My Cowboys Analysis: Offseason Priorities, Rising/Falling Players, and a Mock Draft
I’ve been posting my Cowboys analysis over at Bleacher Report. Some of the most recent articles. . .
In that last article, I picked players I believe could make the most immediate impact in Dallas. Here’s a look at the first three rounds.
Round 1: Aaron Donald, DT, Pitt
Will Pitt defensive tackle Aaron Donald fall to Dallas? Probably not, but there’s a decent chance that he falls into the teens, in which case the cost for the Cowboys to move up wouldn’t be prohibitive. He’s the one player it makes sense for Dallas to trade up for in this draft.
The big concern with Donald is that he has just 32.6-inch arms. That’s short for a defensive tackle. Although some players have thrived at the position despite a lack of elite arm length (Warren Sapp, for example), there’s still a trend there suggesting quality short-armed players are the exception to the rule.
When a player records college production as impressive as Donald’s, however, you can put up with short arms to a greater extent. With 11 sacks and 28.5 tackles for loss in 2013 alone, you could argue Donald was the top defensive lineman—not just defensive tackle—in the nation. He has a four-year history of elite production.
The addition of Henry Melton certainly decreased the Cowboys’ need for a 3-technique defensive tackle, but it’s hard to ignore the potential of a Donald-Melton duo. Neither is a 1-technique, but defensive coordinator Rod Marinelli should be able to work wonders with an interior pass-rushing duo with such ridiculous upside.
Round 2: Davante Adams, WR, Fresno State
The Cowboys need a wide receiver. That’s not a popular opinion, but there are few positions at which bringing in an early-round pick could have a bigger impact. Outside of the defensive line and perhaps safety, wide receiver is the Cowboys’ biggest potential area for improvement.
What will a quality rookie receiver do? First, he can help the Cowboys score. Terrance Williams showed promise in his rookie year, but he’s not the sort of player who will consistently dominate in the red zone. The ‘Boys should use tight end Gavin Escobar way more, but adding another red-zone-relevant pass-catcher will help this offense.
Second, wide receivers help quarterbacks nearly as much as quarterbacks help receivers. With quarterbacks getting the ball out quicker than ever, the value of the offensive line has decreased in recent seasons. Quarterbacks are just as responsible for their sacks as the linemen, and having big, physical wide receivers who can be trusted is of massive importance.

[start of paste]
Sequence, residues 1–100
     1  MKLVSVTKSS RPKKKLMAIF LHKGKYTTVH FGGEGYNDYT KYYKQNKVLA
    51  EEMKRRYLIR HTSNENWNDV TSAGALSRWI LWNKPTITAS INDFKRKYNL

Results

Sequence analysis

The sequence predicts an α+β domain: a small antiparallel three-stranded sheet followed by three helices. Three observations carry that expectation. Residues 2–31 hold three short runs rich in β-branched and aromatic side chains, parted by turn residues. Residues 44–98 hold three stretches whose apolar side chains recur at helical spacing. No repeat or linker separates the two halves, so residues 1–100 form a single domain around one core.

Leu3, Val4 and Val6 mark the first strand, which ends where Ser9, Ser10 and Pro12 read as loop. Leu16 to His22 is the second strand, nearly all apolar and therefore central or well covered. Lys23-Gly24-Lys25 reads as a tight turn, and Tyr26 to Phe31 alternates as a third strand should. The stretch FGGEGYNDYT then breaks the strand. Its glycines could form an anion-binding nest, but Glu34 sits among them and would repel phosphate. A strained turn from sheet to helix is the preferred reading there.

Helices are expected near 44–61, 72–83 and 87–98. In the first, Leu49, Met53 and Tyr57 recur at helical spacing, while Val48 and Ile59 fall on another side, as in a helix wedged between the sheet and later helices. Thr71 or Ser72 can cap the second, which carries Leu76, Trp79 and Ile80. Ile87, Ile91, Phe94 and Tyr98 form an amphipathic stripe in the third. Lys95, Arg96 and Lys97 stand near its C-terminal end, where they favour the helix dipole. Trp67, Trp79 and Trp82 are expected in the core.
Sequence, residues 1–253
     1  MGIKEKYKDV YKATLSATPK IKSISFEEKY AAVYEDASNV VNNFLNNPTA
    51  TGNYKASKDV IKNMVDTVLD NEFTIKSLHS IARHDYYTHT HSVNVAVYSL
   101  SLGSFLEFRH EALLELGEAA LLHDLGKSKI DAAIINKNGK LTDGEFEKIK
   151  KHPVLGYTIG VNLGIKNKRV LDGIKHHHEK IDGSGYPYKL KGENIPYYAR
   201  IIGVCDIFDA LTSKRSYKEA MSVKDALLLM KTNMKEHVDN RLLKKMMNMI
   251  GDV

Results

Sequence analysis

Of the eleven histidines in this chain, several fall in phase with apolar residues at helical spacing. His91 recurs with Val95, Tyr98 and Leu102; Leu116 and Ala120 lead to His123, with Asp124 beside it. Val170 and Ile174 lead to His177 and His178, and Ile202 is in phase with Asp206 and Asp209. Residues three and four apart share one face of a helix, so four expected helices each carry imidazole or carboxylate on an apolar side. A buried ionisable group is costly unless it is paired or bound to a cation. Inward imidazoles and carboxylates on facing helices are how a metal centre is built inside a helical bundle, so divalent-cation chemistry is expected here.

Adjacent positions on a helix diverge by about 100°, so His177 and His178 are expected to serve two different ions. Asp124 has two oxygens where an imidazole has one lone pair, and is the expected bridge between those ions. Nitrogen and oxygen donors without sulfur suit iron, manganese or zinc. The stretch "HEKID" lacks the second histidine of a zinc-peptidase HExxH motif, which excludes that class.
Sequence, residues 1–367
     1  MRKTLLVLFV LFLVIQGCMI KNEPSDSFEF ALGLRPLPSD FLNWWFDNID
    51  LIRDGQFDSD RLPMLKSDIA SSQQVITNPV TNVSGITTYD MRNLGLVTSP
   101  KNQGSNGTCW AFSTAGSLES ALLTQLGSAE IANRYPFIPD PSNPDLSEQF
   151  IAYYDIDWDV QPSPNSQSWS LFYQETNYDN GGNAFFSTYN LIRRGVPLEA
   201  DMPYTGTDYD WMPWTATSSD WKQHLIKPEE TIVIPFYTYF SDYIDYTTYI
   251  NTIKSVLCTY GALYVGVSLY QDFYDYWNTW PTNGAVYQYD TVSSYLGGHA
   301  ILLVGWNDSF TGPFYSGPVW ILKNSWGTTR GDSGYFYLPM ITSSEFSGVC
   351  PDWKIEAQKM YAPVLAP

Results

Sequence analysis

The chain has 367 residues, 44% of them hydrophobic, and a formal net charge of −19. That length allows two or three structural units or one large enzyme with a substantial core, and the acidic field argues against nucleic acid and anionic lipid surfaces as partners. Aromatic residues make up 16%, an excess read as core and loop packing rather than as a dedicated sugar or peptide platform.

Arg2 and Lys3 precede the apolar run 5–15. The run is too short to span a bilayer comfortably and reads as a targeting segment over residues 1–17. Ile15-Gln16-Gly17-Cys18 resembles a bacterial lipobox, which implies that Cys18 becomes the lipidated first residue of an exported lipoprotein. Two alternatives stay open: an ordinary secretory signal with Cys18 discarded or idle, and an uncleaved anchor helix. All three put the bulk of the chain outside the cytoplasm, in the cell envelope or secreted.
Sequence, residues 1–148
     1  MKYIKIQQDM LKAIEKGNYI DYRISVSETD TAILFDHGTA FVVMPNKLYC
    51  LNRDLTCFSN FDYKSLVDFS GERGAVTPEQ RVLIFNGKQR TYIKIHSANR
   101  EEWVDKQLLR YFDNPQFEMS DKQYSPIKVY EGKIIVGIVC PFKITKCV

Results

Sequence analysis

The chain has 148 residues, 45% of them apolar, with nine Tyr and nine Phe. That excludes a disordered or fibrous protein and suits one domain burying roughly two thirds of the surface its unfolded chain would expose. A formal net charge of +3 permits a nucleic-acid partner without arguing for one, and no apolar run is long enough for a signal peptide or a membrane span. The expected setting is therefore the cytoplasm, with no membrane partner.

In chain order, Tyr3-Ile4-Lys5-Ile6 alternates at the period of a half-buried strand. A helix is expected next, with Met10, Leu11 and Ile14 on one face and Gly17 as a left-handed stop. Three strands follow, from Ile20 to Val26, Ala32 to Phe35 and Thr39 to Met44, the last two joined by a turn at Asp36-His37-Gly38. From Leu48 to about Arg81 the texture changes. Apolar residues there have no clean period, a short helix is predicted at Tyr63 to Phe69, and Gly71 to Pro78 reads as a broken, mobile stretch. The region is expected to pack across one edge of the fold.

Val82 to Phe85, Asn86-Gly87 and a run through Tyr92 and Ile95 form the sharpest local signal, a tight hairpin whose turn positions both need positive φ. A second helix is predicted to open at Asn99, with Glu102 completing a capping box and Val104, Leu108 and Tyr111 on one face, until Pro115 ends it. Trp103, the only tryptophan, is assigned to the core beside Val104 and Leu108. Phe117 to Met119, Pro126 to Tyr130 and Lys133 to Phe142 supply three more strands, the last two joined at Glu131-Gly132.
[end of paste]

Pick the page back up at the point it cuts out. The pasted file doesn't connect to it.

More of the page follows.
Finally, the Cowboys already have pretty good offensive personnel, but 1) offense is more important than defense and 2) they have a really big potential leak: a Dez Bryant injury. The ‘Boys shouldn’t draft a receiver simply because of how much they rely on Bryant, but it should factor into the equation. If Bryant were to get injured (or even see more frequent double-teams), the Cowboys offense would be stagnant.
Fresno State’s Davante Adams is one of the most underrated receivers in this draft. At 6’1”, 212 pounds, he ran a 4.56 in the 40-yard dash. That’s plenty fast enough for his size, but his time won’t cause him to rise up boards like what might happen with Vanderbilt’s Jordan Matthews.
Most important, Adams dominated in college. In two years at Fresno State, he averaged 116 catches, 1,515 yards and 19 touchdowns per year. That’s insane.
Round 3: Jackson Jeffcoat, DE, Texas
Texas defensive end Jackson Jeffcoat has all the makings of an undervalued player. Despite being projected in the third round, he has long arms (33.9 inches), explosiveness (10’3” broad jump) and a history of production (13 sacks and 19 tackles for loss last year).
Jeffcoat’s potential impact will come down to whether or not the Cowboys re-sign Anthony Spencer. If that happens, Spencer and George Selvie will likely be the team’s starting defensive end duo. If the ‘Boys don’t re-sign Spencer, though, chances are they’ll start a rookie at defensive end in 2014. Jeffcoat might not be the most likely first-year player to fill that role, but he’ll be the best option in the third round.